A better view
Accessing the database from the outside world basically comes down to two options - direct querying or executing stored procedures. Procedural access is often chosen for the wrong reasons - making maintenance significantly harder.
Using exclusively or mostly stored procedures seems to be an established practice in SQL Server community, due to various limitations of the optimiser and security model in earlier versions of that server. However, even Oracle developers are not immune to procedural overdose. It seems to me that people coming from Forms background prefer procedures to relational access, and I occasionally come across a data access layer consisting completely of stored procedures, designed and implemented by seasoned Oracle professionals. Most popular explanations for that design approach are:
- Direct table access is a crime, so procedures must be built around them to restrict, control and audit access
- Procedures are required because some columns must be calculated on the fly
- Procedures provide clients with a way to request only 10 (50 or 100) records, and not retrieve everything
- Procedures are needed so that client programmers do not have to understand all the details of the underlying table model
To (most of) that, I say "Rubbish". If you are reading this line and becoming furious, before scrolling down to write an angry comment, I'd like to offer you a (different point of) view:
- Direct table access really is a crime, but procedures are not the only solution. Any restrictions you can impose on procedures, you can also implement with views.
- Additional data can be calculated on the fly with PL/SQL functions and incorporated into views to look just like normal columns. Analytical functions can perform even very exotic calculations like ranking and finding local maximums and minimums.
- Limiting the number of rows transferred from database to client code can be solved easily in client access drivers, using features like server-side cursors and paging. Even if the clients are using a driver without such support, it can trivially be implemented by adding "WHERE rownum<" or analytical ranking.
- Procedures are not really good for hiding the complexity of the underlying data model - views are much better as they are a lot easier to maintain and use.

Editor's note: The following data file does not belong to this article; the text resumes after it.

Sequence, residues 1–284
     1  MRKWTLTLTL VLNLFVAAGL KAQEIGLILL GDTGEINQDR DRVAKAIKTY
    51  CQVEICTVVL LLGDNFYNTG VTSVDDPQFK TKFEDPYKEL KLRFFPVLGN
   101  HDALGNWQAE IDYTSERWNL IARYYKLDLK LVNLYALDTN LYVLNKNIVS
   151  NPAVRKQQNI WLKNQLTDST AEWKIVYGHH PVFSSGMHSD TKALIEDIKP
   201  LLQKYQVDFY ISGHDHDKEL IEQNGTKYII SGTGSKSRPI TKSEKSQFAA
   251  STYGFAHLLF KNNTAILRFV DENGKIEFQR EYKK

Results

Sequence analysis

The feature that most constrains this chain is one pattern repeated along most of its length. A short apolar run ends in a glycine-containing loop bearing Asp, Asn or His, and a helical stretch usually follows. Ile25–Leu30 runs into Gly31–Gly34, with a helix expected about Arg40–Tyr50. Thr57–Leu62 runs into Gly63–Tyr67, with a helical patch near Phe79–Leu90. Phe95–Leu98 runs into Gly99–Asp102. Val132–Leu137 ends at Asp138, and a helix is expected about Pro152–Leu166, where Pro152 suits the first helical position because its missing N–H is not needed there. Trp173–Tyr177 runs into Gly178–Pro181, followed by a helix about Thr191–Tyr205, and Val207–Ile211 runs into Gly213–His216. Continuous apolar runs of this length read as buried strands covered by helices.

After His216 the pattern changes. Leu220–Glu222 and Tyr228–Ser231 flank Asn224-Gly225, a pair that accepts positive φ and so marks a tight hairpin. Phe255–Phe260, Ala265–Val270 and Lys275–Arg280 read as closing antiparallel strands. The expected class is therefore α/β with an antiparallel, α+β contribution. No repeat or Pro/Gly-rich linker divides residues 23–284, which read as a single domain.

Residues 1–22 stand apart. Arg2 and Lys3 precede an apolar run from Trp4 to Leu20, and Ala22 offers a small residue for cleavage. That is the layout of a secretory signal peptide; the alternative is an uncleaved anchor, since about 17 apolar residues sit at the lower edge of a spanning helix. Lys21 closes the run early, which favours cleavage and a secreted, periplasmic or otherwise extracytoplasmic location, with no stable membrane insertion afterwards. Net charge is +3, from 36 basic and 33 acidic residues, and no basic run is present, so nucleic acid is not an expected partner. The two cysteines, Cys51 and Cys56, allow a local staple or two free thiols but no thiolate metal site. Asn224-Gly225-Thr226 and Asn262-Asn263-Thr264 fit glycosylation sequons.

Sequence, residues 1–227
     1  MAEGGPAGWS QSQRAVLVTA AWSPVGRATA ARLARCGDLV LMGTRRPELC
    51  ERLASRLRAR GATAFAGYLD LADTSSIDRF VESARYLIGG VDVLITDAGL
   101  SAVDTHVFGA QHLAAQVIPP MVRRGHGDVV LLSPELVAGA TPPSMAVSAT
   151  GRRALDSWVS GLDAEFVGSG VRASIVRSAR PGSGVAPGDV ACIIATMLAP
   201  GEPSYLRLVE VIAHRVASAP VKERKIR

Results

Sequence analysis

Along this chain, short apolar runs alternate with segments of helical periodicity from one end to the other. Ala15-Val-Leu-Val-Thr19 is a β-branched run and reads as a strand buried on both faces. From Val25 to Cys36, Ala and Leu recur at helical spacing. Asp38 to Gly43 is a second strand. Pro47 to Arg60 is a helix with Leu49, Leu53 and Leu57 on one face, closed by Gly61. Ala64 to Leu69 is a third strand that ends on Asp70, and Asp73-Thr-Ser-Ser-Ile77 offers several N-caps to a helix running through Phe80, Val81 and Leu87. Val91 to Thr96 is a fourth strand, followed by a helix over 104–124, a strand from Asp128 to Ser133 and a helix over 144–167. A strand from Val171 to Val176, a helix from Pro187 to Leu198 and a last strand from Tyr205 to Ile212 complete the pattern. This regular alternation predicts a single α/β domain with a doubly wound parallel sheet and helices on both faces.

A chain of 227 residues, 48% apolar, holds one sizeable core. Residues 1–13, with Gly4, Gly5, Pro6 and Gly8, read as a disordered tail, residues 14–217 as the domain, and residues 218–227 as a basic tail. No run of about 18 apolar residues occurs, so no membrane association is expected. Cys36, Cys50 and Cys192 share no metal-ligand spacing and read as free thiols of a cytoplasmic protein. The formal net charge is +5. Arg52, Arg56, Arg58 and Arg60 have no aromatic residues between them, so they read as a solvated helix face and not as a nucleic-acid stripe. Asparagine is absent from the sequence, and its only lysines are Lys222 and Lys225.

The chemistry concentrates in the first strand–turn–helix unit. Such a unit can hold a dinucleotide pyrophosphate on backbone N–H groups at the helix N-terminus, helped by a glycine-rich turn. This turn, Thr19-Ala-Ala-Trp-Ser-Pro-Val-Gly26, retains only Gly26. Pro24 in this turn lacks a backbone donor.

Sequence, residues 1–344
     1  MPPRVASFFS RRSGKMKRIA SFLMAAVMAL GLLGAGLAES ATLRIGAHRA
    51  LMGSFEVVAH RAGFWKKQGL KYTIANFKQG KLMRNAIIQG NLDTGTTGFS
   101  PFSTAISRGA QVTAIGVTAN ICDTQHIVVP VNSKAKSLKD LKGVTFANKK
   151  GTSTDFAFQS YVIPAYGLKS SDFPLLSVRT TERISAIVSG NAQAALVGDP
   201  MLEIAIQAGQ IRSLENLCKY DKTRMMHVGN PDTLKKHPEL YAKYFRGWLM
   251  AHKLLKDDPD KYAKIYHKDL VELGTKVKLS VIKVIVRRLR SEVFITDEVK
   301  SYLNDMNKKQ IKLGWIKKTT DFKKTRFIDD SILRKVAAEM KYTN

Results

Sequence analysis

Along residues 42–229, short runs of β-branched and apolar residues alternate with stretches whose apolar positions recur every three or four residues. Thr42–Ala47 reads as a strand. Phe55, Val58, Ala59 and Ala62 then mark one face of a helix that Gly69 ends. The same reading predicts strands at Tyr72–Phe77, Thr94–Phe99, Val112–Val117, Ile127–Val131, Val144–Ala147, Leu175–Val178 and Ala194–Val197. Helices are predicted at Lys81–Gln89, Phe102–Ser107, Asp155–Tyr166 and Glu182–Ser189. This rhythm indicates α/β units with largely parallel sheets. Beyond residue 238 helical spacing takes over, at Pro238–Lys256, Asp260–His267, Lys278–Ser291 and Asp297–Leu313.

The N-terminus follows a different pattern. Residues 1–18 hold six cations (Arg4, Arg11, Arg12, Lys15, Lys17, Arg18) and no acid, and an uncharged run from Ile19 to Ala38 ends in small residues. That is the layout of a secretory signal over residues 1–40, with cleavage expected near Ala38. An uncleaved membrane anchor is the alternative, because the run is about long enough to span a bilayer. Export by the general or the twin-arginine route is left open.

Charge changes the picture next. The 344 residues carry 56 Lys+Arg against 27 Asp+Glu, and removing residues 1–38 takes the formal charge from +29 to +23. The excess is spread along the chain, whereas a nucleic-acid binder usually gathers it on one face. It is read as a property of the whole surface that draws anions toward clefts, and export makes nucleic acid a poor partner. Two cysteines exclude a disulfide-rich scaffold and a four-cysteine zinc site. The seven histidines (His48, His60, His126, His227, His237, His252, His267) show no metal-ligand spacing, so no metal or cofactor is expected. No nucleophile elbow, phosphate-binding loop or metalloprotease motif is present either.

Imagine a software company - let's call them Effective Oracle Inc. Effective Oracle gets a contract from Clint (named after the world famous spaghetti western star) to develop his Web bookshop, and they give that task to their two star developers, Deborah and Webber. Deborah is a database specialist, and Webber is programming the front end.
Deborah and Webber are working on the offer listing page, and Deborah knows that she cannot let Webber read directly from the book table, as that would get her fired from any self-respecting software company (and Effective Oracle is self-respecting). She might give Webber a stored procedure to call. A month later, Clint asks for another page, similar to the offer listing, but also displaying sales and web browsing statistics. Just to make things more interesting, those statistics must be calculated using estimated forex rates, not just read from tables. Now Deborah is faced with a choice - either create an additional procedure, very similar to the old one, or add a few columns into the cursor returned by the old procedure. If she chooses the first option, then she is duplicating code and making it harder to maintain in the future. If she takes the second, then Oracle will calculate sales and popularity even for the first report, though they will just be discarded. If she originally used a view, than she could just add two columns to it, and Webber could choose which columns to read. On the old page, he will not retrieve additional columns, and Oracle will not execute the calculations.